Info

Axon from sensorv

Axon from sensorv

A urn from motor ^Jfcrcnl !> ncurou

VülLtKll roen

A urn from motor ^Jfcrcnl !> ncurou

VülLtKll roen

The reflexive nature of perception and behavior points to a still deeper problem at the center of a debate that has persisted since the Stoic and

Epicurean philosophers were at each other's throats over this issue in ancient Greece: Does the way brains work allow us to act freely, or is what we think and do fully determined? The evidence discussed here and in previous chapters inevitably bears on this vexing question. Based on empirically determined sensory circuitry, the brain generates behavior that works surprisingly well in a world that our senses can't tell us about directly. This way of producing perceptual content and behavior is very different from our subjective impression of what is going on. Everyday experience suggests that our brains (a stand-in for the "me" or the "I" that we take for granted) analyze stimulus features and represent these features, and that we then make decisions about how to act based on representations of the world "as it really is." But if brain activity and its perceptual and behavioral consequences simply reflect neural associations created by accumulated phylogenetic and ontogenetic experience, then a wholly empirical understanding of brain function comes down squarely on the side of determinism. In this framework, terms such as inferences, decisions, and choices are apt descriptors of our subjective sense of the way we relate to the world, but not of any underlying brain function.

To sum up how brains seem to work, the circuitry of nervous systems such as ours has evolved to contend with one fundamental challenge: How to generate useful perceptions and behaviors in response to a world that is unknowable directly by means of sensory stimuli. The strategy that has emerged to deal with this problem is governed by history, not logical principles or algorithms. Based on feedback from the empirical consequences of behavior, accumulated information about operational success is realized over evolutionary time in inherited neural circuitry whose organization is then modified to a limited extent by individual experience. Accordingly, our perceptions never correspond to physical reality despite the fact that they provide successful operational guides to behavior. The evidence that supports these conclusions is the ability to predict many otherwise puzzling perceptual phenomena using databases that serve as proxies for aspects of accumulated human experience.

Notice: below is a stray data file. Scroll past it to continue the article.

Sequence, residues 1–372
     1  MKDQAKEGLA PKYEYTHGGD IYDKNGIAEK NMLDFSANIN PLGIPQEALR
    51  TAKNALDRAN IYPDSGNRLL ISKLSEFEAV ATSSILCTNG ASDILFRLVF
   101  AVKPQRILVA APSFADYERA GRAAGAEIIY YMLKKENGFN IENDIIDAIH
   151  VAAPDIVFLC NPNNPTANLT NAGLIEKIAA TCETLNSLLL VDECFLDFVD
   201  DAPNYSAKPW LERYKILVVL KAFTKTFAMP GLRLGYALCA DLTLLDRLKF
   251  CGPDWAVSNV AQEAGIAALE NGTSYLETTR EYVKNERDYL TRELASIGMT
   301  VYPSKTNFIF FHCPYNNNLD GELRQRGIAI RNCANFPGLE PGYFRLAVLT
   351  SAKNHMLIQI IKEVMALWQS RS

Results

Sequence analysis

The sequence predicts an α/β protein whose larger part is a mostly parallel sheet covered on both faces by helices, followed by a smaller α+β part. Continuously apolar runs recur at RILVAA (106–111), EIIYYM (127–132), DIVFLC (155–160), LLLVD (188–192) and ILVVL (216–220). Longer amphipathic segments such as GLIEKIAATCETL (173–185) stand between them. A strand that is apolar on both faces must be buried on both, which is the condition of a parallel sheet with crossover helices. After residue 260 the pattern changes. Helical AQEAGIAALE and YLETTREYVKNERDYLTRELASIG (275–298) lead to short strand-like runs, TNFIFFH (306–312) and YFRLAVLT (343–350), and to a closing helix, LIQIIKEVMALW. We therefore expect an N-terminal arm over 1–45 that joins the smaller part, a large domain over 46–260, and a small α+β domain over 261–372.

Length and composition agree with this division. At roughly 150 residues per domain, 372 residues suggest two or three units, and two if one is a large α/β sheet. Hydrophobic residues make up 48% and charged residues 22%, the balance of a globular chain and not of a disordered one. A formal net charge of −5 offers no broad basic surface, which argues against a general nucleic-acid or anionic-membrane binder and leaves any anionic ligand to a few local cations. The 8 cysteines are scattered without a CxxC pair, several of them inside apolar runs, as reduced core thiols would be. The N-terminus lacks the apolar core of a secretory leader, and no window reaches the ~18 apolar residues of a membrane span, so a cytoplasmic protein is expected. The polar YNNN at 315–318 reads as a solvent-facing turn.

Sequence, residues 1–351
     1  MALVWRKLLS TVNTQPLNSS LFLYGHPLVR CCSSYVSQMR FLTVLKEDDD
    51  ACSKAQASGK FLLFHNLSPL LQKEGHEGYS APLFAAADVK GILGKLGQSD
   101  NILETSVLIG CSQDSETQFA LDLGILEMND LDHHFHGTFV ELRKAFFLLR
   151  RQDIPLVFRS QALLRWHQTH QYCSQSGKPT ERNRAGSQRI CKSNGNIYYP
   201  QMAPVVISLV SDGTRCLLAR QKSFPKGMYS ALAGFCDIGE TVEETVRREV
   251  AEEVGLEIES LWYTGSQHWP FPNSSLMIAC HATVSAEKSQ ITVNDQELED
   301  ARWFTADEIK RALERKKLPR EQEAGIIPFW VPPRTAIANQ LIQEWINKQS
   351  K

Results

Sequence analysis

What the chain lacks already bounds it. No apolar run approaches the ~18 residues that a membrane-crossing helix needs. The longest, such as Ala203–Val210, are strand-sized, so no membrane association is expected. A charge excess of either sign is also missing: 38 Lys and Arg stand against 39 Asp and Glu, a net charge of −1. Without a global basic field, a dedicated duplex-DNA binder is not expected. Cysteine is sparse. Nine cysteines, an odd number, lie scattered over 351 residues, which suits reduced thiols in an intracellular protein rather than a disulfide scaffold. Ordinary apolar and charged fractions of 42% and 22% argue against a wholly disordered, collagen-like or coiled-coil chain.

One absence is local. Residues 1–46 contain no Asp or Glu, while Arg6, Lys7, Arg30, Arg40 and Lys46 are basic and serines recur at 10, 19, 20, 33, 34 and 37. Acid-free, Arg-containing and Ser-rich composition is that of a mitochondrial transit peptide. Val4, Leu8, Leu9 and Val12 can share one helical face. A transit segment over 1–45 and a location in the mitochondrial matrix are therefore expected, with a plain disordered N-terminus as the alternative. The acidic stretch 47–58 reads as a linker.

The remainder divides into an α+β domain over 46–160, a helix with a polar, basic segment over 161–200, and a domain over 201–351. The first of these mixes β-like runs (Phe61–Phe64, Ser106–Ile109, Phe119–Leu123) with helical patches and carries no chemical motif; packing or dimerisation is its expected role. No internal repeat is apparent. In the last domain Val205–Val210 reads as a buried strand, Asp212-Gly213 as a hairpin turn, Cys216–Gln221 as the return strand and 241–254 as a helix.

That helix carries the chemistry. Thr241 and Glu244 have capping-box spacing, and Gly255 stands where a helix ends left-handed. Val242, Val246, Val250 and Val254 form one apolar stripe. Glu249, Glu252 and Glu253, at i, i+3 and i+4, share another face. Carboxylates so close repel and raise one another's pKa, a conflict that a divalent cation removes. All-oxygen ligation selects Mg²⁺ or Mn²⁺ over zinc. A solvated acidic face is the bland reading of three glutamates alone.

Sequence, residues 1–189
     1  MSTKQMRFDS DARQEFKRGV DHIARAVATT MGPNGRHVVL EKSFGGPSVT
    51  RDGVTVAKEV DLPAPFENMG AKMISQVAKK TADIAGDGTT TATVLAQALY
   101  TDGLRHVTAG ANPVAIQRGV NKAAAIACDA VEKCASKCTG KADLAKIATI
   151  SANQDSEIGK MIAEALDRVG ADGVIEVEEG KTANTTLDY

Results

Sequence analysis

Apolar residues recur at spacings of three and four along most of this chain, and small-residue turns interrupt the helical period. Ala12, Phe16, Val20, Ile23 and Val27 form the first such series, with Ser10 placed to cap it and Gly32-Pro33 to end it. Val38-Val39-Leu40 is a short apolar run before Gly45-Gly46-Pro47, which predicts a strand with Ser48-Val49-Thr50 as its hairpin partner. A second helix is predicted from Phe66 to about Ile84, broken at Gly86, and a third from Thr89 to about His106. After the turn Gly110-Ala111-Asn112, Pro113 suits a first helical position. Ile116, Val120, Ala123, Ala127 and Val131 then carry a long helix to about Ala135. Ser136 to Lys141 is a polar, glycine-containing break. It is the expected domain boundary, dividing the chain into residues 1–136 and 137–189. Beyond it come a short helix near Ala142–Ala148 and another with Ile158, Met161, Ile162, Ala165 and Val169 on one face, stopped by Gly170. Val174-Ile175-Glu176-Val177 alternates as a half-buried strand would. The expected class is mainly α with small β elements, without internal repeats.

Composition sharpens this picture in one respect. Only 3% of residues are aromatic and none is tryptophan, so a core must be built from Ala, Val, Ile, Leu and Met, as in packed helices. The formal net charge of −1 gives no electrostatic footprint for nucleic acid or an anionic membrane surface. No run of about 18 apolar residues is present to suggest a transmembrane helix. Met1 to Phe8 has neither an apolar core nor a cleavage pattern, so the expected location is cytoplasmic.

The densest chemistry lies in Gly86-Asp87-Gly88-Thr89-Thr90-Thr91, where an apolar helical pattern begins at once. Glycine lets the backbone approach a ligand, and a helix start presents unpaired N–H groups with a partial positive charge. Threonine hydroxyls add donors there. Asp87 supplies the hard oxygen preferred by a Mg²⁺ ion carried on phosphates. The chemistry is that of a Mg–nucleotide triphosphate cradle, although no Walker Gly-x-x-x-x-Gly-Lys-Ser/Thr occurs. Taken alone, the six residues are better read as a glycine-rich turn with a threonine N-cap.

These ideas about what we perceive, what we do as a result, and ultimately what we are in consequence may be anathema to neuroscientists committed to a rationalist perspective of brain function, or to anyone who has difficulty disengaging from the subjective sense we have of the world and our relation to it. But if the evidence continues to support a wholly empirical interpretation of how brains work, we will simply need to pursue brain function and structure in these terms, perhaps gaining in the process a clearer and more useful conception of ourselves and our place in nature.

Suggested reading

Adelson, E. H. "Light Perception and Lightness Illusions." In The New Cognitive Neurosciences, 2nd edition, edited by M. S. Gazzaniga. Cambridge, MA: MIT, 2000. 339-351. Allman, J. M. Evolving Brains. New York: W.H. Freeman, 1999.

Barlow, H. B. "The Neuron Doctrine in Perception." In Cognitive Neurosciences, edited by M. S. Gazzaniga. Cambridge, MA: MIT Press, 1995. 415-436.

Berkeley, G. Philosophical Works Including Works on Vision, edited by M. R. Ayers. London: Everyman/ J. M. Dent, 1975.

Blake, R. "A primer on binocular rivalry, including current controversies." Brain and Mind 2 (2000):

Was this article helpful?

0 0

Post a comment